Choosing a business structure for a nail salon depends on your individual situation and tolerance for risk. It is possible to run a successful salon using any of the available business entity types. If you want to choose between a sole proprietorship and a limited liability company, however, the final decision should be made by considering the key differences that distinguish the two entity types.


One of the major differences between a sole proprietorship and an LLC is the way business liability is handled. If you operate as a sole proprietor, you are personally responsible for all business debts, while an LLC protects owners against personal liability. Depending upon how you set up your salon, you may be at risk of lawsuits from customers, and if the business can’t pay a judgment, the situation can ruin you financially if you are personally liable. If you are working with harsh chemicals or with instruments that are sharp or hot, you may want the additional liability protection that comes with operating as an LLC.


Conversely, you may start your salon on a small scale, without offering many of the more risky beauty procedures. Perhaps you have enough business insurance to cover you if someone sues. Sole proprietorships are easier to run than LLCs. If you remove the liability factor, sole proprietors have less paperwork to worry about and fewer state and federal obligations. A sole proprietorship may be the best choice if you plan to gradually build up the business and want to spend most of your time on services rather than paperwork.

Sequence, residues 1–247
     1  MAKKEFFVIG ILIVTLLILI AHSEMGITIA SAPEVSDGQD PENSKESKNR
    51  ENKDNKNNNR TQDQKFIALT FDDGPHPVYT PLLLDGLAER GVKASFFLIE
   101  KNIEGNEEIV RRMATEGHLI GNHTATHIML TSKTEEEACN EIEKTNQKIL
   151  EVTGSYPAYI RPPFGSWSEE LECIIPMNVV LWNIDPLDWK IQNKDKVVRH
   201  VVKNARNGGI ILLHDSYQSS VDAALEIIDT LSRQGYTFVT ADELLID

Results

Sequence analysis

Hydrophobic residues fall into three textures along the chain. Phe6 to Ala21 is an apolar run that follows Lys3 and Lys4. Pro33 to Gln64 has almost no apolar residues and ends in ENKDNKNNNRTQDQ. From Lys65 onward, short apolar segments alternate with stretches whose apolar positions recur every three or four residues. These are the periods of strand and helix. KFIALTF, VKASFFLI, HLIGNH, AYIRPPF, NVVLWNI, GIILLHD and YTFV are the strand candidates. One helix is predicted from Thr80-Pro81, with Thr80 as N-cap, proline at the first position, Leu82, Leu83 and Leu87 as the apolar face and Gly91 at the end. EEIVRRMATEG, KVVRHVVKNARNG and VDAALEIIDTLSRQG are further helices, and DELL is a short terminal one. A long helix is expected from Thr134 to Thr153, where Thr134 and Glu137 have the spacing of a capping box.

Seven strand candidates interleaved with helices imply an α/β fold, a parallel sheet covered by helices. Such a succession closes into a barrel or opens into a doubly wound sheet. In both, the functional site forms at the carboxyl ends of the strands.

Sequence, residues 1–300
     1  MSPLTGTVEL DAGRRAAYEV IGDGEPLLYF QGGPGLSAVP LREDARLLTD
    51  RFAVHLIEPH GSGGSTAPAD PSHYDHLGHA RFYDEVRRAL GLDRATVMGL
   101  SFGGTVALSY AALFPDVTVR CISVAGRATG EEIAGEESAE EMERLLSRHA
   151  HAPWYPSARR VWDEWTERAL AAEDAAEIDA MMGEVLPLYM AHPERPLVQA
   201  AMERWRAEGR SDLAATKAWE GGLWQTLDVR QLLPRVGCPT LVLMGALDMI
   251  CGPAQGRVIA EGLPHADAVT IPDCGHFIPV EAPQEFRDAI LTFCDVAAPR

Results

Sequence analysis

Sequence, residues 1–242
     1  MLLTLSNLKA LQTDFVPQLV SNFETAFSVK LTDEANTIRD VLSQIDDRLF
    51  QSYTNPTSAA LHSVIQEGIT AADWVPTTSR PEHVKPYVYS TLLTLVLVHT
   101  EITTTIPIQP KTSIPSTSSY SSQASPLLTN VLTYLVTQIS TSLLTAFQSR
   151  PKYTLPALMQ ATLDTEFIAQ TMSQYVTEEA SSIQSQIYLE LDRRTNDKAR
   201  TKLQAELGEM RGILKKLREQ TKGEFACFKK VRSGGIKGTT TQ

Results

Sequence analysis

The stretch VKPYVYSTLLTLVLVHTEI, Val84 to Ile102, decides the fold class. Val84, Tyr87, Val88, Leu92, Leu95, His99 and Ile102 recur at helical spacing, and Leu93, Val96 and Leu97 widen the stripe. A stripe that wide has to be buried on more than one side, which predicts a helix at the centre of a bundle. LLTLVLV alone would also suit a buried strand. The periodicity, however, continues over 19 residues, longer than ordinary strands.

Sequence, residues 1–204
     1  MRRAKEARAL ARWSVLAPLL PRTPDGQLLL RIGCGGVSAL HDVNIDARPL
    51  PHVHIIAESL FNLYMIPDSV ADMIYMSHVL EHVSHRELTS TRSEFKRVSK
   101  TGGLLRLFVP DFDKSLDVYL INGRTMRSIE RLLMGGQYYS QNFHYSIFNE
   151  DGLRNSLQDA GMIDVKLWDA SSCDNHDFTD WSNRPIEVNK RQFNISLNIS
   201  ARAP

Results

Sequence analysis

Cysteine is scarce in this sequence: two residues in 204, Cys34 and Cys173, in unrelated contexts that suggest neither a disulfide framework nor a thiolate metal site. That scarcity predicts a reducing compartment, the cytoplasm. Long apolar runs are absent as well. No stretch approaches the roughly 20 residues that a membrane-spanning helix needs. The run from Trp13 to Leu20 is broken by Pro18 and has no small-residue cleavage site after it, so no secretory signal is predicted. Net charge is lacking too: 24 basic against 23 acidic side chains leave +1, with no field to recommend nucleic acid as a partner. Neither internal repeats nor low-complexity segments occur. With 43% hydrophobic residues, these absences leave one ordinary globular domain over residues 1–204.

Starting and operating an LLC is more expensive than setting up shop as a sole proprietorship. One of the major benefits of opening a nail salon is the modest upfront investment required. Operating as an LLC can add hundreds of dollars in start-up and maintenance fees to your budget. Comparatively, it costs nothing to set up a sole proprietorship in most states. Most states require nail salon owners to pay for training and licensing, so saving money on business set-up and maintenance may make a big difference.

Equity Investment

A sole proprietorship is a single-owner business by law, so you can’t raise money or resources for your business by selling some of your equity. An LLC is structured to allow multiple owners. Even if you start off as the sole owner of an LLC, you can bring on partners at any time that can infuse money or resources into the business without needing to change the business structure. If you want to bring on partners as a sole proprietor, you must convert the business to a different type of entity. If your master plan is to own a string of nail salons, and you expect to need investors, an LLC may be the most appropriate business structure.